|Serum calcium||8.0-12.0 mg/dl|
|Serum phosphorus||3.0-6.0 mg/dl|
Marrow samples may be obtained from the ilium, tibia, sternum, femur, or the bones of the proximal one third of the tail.5 Preparation of the samples is consistent with that of other mammalian patients.
Standard rodent cages can be used without substrate to collect urine and feces when the patient is hospitalized. After placing a rodent in a zip-lock bag, urination frequently occurs and the sample can be collected.4 In a similar manner, urine can be collected over a disinfected stainless steel examination table. The urine is voided while the animal is restrained and can be collected in a capillary tube for evaluation on urine reagent strips.1 Urinalysis reference values for mice are listed in Box 12-5.
BOX 12-5 Urinalysis Reference Values for Mice
From Bihune C, Bauck L: Basic anatomy, physiology, husbandry, and clinical techniques. In Quesenberry KE, Carpenter JW, editors: Ferrets, Rabbits and Rodents: Clinical Medicine and Surgery, ed 2, St Louis, 2004, WB Saunders.
|Urine volume (ml/24h)||0.5-2.5 ml|
Under most practice settings, the size of a mouse patient limits imaging capabilities to radiographs. Restraint is essential for quality diagnostic images and is even more important when patients weigh as little as 40 g. To obtain adequate restraint and prevent movement of the mouse patient during radiographic evaluation, sedation is required. As with all diagnostic procedures involving avian and exotic animals, an evaluation of the patient is required to determine its ability to withstand the stress associated with the assessment. If it is determined that the patient cannot withstand sedation, then it should be stabilized until it is deemed healthy enough for diagnostic imaging evaluation.
Sedating the mouse using an induction chamber and isoflurane anesthetic, as described for restraint, is necessary to obtain diagnostic films. High-speed, 300-mA machines with fine or detail-intensifying screens should be adequate for most small exotic mammal images. With mice, dental x-ray units that can focus at short distances may be advantageous for both isolation of focal anatomy and full body radiographs in extremely small patients. For extreme detail in small exotic mammal medicine, using a traditional radiography unit, the Min R mammography system (Eastman Kodak) with Min R single-intensifying screen cassettes, in conjunction with Min R single-emulsion film, has been recommended.1 Digital radiography is bringing a new dimension to radiograph evaluations and detail. The secret to success in either traditional or digital radiographic imaging is to restrict patient movement during exposure. Two views, ventrodorsal and lateral, are recommend for mice patients. Again, because of a mouse patient’s size, whole body radiographs are commonly obtained during the radiographic evaluation, even using dental radiographic equipment.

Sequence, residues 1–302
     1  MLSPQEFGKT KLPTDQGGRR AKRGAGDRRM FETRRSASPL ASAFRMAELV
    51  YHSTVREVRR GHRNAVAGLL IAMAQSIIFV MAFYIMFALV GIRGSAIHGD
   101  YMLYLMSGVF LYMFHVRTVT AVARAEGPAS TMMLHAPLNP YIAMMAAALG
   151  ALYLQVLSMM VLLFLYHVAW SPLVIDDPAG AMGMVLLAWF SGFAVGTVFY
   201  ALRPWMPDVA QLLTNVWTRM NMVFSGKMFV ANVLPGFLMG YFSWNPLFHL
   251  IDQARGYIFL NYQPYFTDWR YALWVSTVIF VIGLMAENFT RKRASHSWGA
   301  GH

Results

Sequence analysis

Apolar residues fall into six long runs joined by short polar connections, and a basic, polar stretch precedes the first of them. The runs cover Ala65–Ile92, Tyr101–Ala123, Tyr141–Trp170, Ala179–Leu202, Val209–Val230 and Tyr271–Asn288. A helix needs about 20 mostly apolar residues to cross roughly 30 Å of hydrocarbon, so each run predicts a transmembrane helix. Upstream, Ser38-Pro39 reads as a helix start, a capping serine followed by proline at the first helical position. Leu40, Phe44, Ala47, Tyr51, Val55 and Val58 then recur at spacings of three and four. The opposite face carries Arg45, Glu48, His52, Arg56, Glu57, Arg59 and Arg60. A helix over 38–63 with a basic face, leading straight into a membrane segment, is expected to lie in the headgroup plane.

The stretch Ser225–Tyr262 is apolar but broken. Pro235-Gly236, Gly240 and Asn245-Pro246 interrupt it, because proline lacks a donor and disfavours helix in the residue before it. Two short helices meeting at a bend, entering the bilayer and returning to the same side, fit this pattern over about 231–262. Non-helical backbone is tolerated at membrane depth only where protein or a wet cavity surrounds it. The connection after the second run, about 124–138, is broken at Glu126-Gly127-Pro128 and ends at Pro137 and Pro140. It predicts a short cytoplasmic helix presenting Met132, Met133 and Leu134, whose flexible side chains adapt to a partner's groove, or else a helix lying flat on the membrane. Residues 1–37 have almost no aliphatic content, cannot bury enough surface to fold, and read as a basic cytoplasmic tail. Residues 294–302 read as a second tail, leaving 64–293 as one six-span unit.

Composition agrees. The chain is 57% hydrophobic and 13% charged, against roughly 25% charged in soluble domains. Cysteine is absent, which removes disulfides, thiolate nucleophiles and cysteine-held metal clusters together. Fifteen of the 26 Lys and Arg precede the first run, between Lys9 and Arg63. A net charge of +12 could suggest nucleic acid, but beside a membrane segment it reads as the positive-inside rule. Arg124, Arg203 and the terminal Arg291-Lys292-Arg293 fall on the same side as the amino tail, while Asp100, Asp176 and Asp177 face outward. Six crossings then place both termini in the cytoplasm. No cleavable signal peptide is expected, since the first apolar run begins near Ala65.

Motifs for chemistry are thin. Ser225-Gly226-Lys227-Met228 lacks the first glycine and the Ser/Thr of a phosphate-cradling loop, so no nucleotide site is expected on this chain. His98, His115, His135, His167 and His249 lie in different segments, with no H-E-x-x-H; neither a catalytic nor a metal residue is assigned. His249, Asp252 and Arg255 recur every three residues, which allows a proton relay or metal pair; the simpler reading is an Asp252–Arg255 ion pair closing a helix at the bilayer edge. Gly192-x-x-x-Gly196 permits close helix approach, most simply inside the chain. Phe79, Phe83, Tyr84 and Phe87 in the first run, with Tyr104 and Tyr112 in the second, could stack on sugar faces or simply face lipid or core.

For the mouse patient in which microbiological testing is recommended, standard collection techniques used for other animals is appropriate. The difficulty when culturing mice is acquiring a representative sample of the suspect area that will provide diagnostic information. Sick mice often are extremely stressed when being examined or when diagnostic samples are being collected. It is also important to know what the common disease conditions are and the common etiologies associated with those clinical signs. With the most common respiratory conditions in mice, one is Sendai virus and the other a Mycoplasma sp. Both Sendai virus and Mycoplasma spp. will not be isolated using standard aerobic or anaerobic culture techniques. If in doubt on collecting, preserving, and/or shipping a microbiological sample, the diagnostic laboratory must be contacted for full instructions as they relate to mouse submissions.
Routine fecal parasite evaluations should be performed on small rodents when they are brought to the veterinary clinic for a health examination or an abnormal stool. Common protozoal organisms can be detected using a direct fecal examination, and mouse pinworms are commonly diagnosed using the sticky side of clear cellophane tape to make an impression of the perianal area. The anal tape test will aid in diagnosing Syphacia spp. The sticky surface will pick up any of the banana-shaped pinworm eggs that can be observed under a microscope.
Diagnosis of ectoparasites in small rodents is similar to that in other species listed in this text. The pelage tape test is performed by pressing clear cellophane tape against the pelt of a mouse, dorsally and ventrally, from the nose to the base of the tail. Myobia spp. and Myocoptes spp. can be diagnosed using the pelage tape test. A skin scraping of the affected area may also help in identifying ectoparasites. Diagnosis of intestinal parasites can be made by finding individual eggs during fecal examination or whole worms within the lumen of the small intestine during necropsy.6